Friday, November 5, 2010

All You Had to Do Was Ask

The title of this post alludes to a trend I think is more and more common in schools. Increasingly reformers are asking for "data" on kids to determine how they are performing and in the process too often becoming oblivious to the voice of experience and wisdom. Data does indeed have a place in reform but is it becoming too important? My school system could be a case study in this folly of innovation and reform, but then again that is just my opinion and no one is asking for it. So according to all this effort and all this testing how are my kids doing? I already know.

Recently our division signed on with a slick corporate Student Information System. With lots of bells and whistles it is a powerful tool that integrates records, grades, testing, curriculum, name it. Now it does not do any of these things particularly well and I have come to feel it was actually designed by folks who never thought to consult teachers, counselors or school administrators. Frankly there are numerous issues with basic functionality. So in a way it seems a perfect tool for the current wave of reform. As we "work out the kinks" it becomes apparent that all too often this "solution" with which we have been provided only creates more problems and makes simple tasks much more complicated.

The obvious problem is that this platform was not really designed by or for teachers. Taking attendance, properly calculating grades, printing a transcript, all are among the major issues. I cannot imagine the experience for a more seasoned teacher who might be less comfortable with technology. I don't think this is really a tool for me. It was implemented to make us more efficient and to measure and improve performance. The worst part is it currently does nothing to help me teach.

On the front end I can give an online test. I was doing that eight years ago. Creating and setting up these tests is like going to the DMV or the dentist for a root canal. It is a painful and laborious process which takes way too much time, something I am already lacking. Point being that once I administer this "benchmark assessment" I will be able to identify which kids are under performing in any specific curriculum strands.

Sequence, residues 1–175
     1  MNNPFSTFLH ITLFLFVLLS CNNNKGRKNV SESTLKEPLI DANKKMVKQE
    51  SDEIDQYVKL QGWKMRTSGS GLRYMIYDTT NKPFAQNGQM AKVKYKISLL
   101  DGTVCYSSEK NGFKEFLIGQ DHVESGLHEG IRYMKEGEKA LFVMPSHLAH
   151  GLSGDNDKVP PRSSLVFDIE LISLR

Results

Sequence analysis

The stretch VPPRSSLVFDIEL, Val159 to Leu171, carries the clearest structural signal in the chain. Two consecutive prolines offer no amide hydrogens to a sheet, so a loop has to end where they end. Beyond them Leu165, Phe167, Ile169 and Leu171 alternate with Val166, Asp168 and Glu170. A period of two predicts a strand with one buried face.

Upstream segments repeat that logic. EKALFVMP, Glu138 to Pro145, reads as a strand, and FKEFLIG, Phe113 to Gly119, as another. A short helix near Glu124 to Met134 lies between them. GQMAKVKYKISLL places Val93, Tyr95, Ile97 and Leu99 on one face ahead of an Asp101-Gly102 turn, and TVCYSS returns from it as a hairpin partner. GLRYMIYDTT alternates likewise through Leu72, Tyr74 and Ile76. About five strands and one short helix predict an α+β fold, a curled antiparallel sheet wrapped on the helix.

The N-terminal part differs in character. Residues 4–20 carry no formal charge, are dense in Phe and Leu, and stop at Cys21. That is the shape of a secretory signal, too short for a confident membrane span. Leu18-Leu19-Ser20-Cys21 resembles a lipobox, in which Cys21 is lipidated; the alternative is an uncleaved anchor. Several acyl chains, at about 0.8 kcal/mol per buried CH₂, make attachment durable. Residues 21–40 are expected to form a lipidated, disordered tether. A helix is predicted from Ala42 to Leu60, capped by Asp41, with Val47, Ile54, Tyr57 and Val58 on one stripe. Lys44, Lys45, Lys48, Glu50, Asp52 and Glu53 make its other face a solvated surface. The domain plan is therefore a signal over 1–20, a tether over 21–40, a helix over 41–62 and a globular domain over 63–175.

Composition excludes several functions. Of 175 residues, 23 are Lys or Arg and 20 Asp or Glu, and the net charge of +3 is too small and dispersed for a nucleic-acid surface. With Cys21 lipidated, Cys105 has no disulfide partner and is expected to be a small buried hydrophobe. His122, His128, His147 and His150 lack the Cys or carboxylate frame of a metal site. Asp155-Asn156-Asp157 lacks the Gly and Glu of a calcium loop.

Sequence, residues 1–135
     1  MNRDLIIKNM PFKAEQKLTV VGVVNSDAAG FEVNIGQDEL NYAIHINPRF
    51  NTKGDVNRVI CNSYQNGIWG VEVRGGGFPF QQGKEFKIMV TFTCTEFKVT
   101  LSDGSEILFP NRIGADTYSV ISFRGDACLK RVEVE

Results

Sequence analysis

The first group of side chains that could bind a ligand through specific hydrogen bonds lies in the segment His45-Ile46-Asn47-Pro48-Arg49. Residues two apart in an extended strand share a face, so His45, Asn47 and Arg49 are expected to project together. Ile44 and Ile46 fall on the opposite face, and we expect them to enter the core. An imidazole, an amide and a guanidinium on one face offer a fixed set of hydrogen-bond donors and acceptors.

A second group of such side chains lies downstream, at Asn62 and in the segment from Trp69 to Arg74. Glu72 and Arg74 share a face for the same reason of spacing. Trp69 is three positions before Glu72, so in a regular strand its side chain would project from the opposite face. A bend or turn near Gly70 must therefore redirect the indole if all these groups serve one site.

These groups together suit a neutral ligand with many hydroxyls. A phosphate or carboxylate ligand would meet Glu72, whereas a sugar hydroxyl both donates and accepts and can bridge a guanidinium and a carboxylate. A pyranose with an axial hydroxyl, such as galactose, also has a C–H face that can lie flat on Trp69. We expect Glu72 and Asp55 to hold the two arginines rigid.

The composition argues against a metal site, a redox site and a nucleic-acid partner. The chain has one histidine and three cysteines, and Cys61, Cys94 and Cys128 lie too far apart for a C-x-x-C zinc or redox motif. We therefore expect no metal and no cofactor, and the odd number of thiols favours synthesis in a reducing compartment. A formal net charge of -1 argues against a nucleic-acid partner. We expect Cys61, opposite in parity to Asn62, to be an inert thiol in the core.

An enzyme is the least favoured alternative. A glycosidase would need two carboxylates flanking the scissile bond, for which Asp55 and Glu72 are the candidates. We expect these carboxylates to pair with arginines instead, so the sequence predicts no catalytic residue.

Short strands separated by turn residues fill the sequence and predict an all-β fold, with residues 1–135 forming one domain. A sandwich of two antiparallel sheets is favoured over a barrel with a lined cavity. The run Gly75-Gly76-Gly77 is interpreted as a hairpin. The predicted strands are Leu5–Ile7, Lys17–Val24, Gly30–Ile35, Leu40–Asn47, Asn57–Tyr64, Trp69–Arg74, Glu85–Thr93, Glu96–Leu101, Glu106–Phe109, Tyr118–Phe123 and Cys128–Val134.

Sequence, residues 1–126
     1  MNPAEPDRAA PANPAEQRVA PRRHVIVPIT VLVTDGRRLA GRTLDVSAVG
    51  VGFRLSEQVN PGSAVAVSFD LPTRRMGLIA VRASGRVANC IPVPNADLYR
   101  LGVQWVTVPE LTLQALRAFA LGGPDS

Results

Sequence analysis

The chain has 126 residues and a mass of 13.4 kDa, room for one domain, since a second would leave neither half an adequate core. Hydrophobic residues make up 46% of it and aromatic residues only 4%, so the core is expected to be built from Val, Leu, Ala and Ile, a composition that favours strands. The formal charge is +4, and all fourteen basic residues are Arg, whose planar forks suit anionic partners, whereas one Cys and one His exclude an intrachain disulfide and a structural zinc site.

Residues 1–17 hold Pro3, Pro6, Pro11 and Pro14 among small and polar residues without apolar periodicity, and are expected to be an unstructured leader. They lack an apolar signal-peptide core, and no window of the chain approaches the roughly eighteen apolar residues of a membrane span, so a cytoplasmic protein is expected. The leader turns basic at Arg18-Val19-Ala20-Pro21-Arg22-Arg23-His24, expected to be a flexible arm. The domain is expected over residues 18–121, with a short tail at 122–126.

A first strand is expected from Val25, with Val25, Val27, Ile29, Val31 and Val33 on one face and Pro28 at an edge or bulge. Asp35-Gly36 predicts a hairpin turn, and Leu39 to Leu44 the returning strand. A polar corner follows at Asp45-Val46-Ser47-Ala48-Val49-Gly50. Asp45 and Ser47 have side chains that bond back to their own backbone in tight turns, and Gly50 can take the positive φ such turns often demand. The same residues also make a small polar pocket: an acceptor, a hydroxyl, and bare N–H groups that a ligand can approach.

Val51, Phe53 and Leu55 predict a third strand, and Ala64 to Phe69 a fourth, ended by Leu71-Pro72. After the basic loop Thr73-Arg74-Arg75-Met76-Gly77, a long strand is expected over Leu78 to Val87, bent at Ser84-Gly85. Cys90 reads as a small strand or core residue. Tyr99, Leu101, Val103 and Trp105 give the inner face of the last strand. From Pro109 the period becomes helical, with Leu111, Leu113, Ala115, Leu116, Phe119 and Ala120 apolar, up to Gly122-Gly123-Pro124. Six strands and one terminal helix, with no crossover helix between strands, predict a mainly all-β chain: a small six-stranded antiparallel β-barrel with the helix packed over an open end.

Here's the rub. I already know that. This is just a way for someone else to look that up and then measure a specific teacher's performance. This system tells me what my overall grades already show. So "grades" no longer seem as valuable in the realm of data driven decisions. Where I am having trouble is finding ways to use this which allows me better serve my students. Worse yet, the people who are paid money to create, run and improve the system have yet to make it clear how that will happen.

Teachers are the first to get on board with technology if it is easy to use and helps them do their job. Maybe that's why I can't find too many folks around here who feel that way about this particular technology. All I can find are people who feel the opposite. We have to input our questions, share our resources, populate it with materials and only then will we be able to actually "get" something from it. Where it is most sorely lacking is that in the race to be fancy, integrated, web based and flexible it has missed the main point of effective education reform. It does not help kids learn and it doesn't really help teachers teach. It just says which individuals among those groups are not doing well. To accomplish that all someone had to do was ask.

1 comment:

  1. Several cases in point:
    1) After laboring over creating a gradebook in Excel my first year, I was pretty excited about the first real gradebook program we got.
    2) Powerpoint is pretty old school now, but I remember how eager I was to get on board.
    3) I'm using Blogger for more than just Teaching Underground. (
    4) Kids were in my first period class the other day using netbooks to play Quia review games for World History.

    The classroom and the classroom teacher are excellent examples of "web 2.0" development. When we find something that works, we develop it and pass it on to others who modify and improve and then pass it back. When we try something that flops, we move on and do better before we've invested too much time, energy, and student frustration into it.

    It is difficult to change when new systems are introduced, but we adapt. It is downright painful to have to implement systems and strategies that don't seem to support student learning and teacher development.